Which? is warning online shoppers to pay close attention or risk being signed up for expensive cashback schemes, following a string of complaints from its members.
Online cashback site Complete Savings has partnered with retailers such asArgos, Debenhams, Look Fantastic, See Tickets and Trainline, recruiting subscribers by offering money off future purchases - for a monthly fee of £15.
The small print does state the ongoing fee,but we're concerned that many shoppers are signing up inadvertently, or assuming the discount offer is for one purchase only, not a paid membership to a separate service.
Although Complete Savings says it's impossible to sign up without manually filling in the sign-up page and adding payment details, the process continues to catch people out.
In fact, Which? has received complaints about both Complete Savings and its sister site Shopper Discount & Rewards, dating back to 2009. Both sites are part of the Webloyalty Group, based in Switzerland.
One Which? member assumed she was simply signing up for £20 off her next train ticket:
'I was in a bit of a rush, and although I thought they asked for a lot more information that I'd expected I just did it anyway because thetrainline.com is a reputable site. I haven't travelled by train since so I forgot all about the discount.
'Five months later I discovered that Complete Savings had been taking £15 from my credit card every month. I'm out of pocket by £90.'
'Customers cannot join Complete Savings by simply clicking on our banner advertisement, they would always have to manually complete our sign-up page and submit it in order to become a member.'
After completing an online purchase with one of its partner companies, you have to click through to a separate Complete Savings sign-up page, where you must manually complete all the fields.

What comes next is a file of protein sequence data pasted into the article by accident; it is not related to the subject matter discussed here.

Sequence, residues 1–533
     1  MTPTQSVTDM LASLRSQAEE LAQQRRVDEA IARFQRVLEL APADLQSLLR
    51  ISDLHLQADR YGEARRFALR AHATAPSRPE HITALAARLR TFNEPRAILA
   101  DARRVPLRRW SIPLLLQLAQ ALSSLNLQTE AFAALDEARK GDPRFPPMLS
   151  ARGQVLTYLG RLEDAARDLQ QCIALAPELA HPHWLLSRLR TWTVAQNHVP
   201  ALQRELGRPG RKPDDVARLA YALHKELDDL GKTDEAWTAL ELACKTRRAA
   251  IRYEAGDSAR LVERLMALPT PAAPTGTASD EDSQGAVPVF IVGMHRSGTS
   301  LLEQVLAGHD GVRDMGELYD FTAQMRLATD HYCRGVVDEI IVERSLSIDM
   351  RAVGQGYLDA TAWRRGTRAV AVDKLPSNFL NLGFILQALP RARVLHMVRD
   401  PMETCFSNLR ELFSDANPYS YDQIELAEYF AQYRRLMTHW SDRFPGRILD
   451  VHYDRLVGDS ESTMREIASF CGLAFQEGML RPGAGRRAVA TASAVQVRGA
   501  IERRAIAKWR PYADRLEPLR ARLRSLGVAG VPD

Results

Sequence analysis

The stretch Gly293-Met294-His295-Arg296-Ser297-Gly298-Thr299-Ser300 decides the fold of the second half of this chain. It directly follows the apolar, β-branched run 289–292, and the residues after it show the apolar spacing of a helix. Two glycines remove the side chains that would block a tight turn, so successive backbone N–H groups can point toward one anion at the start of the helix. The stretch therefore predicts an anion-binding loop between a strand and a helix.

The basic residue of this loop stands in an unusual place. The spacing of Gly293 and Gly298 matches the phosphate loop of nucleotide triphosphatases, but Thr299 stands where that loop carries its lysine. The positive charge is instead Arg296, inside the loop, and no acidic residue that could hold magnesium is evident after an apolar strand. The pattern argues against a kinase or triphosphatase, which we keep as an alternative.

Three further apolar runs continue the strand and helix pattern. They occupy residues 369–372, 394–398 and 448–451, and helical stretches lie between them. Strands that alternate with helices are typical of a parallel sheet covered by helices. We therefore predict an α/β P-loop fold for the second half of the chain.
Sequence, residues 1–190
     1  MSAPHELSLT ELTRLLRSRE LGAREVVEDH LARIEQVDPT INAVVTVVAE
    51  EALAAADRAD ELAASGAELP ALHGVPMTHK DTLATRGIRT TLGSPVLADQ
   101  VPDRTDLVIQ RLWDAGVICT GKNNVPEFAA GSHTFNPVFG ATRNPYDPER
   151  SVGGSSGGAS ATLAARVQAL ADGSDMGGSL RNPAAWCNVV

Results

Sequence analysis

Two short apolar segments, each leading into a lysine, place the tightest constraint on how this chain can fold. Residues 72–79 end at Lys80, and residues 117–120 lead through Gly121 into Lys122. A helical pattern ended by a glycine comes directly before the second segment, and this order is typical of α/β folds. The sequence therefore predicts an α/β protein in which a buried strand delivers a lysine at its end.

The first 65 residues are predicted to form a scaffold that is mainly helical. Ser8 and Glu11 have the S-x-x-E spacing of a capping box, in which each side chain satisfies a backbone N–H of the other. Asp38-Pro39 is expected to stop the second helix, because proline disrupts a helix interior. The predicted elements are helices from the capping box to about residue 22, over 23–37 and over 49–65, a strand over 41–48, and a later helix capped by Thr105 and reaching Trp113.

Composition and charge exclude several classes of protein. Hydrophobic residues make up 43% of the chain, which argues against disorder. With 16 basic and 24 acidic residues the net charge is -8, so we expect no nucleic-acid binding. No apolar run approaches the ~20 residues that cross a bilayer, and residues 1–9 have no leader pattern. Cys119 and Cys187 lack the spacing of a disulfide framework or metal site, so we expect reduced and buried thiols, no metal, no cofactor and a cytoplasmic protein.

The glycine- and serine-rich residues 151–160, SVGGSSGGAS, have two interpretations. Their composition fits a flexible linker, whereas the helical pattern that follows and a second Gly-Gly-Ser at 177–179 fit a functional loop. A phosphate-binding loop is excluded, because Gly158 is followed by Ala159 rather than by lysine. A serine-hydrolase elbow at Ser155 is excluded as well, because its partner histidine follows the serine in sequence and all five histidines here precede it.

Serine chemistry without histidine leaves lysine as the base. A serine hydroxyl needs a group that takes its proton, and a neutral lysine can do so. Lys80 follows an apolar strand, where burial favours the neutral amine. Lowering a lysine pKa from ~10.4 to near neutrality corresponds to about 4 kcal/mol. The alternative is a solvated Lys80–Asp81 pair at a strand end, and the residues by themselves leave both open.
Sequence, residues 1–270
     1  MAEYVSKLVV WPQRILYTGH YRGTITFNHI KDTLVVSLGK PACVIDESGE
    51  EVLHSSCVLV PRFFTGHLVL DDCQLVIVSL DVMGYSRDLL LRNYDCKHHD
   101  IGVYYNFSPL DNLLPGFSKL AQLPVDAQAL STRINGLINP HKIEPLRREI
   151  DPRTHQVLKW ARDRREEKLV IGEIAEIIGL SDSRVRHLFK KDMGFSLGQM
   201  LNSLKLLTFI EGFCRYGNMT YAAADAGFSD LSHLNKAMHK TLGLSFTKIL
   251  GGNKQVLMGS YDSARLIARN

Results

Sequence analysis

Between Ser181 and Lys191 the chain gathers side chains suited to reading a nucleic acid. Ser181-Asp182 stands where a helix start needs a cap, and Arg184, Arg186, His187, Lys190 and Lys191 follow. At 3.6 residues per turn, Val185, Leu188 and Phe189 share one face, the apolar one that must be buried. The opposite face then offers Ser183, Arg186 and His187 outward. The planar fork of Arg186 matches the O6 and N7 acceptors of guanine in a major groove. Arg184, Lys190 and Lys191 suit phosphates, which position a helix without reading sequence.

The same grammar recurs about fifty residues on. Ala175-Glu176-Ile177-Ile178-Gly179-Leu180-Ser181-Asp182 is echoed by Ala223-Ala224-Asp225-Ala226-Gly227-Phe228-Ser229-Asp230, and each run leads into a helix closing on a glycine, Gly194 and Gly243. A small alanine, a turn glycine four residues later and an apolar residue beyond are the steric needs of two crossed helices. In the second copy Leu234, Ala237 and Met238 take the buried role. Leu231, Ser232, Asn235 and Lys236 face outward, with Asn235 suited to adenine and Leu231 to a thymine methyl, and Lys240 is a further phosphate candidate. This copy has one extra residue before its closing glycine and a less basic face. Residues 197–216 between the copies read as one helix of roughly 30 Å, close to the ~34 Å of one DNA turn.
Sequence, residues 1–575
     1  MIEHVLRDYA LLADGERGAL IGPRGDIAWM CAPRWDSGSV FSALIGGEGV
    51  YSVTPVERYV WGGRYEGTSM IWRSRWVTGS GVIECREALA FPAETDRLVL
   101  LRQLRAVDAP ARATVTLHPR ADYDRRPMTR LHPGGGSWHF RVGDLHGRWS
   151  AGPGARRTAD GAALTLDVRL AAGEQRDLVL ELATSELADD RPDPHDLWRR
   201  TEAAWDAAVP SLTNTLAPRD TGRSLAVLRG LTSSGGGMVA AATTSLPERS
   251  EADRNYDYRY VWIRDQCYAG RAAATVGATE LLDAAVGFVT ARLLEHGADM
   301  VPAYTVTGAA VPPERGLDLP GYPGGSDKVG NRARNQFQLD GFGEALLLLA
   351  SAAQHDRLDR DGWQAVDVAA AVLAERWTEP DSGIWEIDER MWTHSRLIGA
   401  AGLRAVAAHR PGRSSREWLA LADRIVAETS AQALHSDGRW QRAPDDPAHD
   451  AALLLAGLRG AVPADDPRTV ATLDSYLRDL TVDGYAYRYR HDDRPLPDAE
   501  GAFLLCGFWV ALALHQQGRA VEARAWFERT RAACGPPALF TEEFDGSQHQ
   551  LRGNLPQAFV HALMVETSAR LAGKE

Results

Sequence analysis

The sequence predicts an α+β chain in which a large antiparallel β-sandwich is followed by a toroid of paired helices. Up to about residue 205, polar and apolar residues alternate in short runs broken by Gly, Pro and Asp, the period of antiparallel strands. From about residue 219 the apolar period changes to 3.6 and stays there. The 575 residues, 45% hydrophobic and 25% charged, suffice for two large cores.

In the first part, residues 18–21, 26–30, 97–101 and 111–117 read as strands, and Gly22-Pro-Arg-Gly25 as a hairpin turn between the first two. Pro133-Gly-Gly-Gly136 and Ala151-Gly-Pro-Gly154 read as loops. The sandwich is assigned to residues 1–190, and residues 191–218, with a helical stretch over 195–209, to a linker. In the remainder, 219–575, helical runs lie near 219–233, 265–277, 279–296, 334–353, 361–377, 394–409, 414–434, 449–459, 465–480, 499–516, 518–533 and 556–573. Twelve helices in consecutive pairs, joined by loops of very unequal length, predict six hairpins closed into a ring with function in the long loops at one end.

'We send all members regular email communications, including five in the first 30 days of their membership to confirm their member details, remind them about billing and encourage them to make the most of their membership benefits.'
We contacted Argos and the Trainline to share the issues Which? members have experienced. These retailers have both partnered with Complete Savings and were most commonly cited by Which? members as the introducers to the Complete Savings cashback scheme.
Argos told us that 'the Complete Savings programme gives Argos customers the chance to benefit from a range of savings' and that the sign up process makes it clear this involves a monthly fee once customers have enjoyed their first month free, which involves customers providing their name, address and bank details.
It said that if 'any Argos customers have any queries about their membership we would encourage them to contact us so we can investigate'.
If you're a member, you should've received a welcome email confirming your membership so check your inbox and junk mail folder.
Complete Savings is free for the first 30 days and £15 per month thereafter. The fee will show on your card statement as billed by wly*completesave.co.uk.
You can cancel your membership by:
Webloyalty may offer a refund if you didn't mean to join the programme and can demonstrate that you haven't used it, although this isn't guaranteed.
The risk is that you pay more than you can save, so this is unlikely to make sense if you don't shop online regularly.
If you do monthly online shopping at big-name retailers such as Argos, B&Q, Curry's, Debenhams and Superdrug, you should be able to cover the £15 monthly fee by claiming cashback bonuses and up to 20% off gift cards.
But, if you do decide to become a member, you'll need to follow these specific steps:
We think most shoppers are better off using such asQuidco and TopCashback. These sitespay you a cash reward when you click through from them to buy goods or financial products, but without the monthly fee.
You can also get . For example, if you bank with First Direct - a Which? Recommended Provider - you can sign up for 'Visa Offers' and bag deals such as £10 cashback when you spend £40 at Lidl and £5 off £40 Marks & Spencer shopping.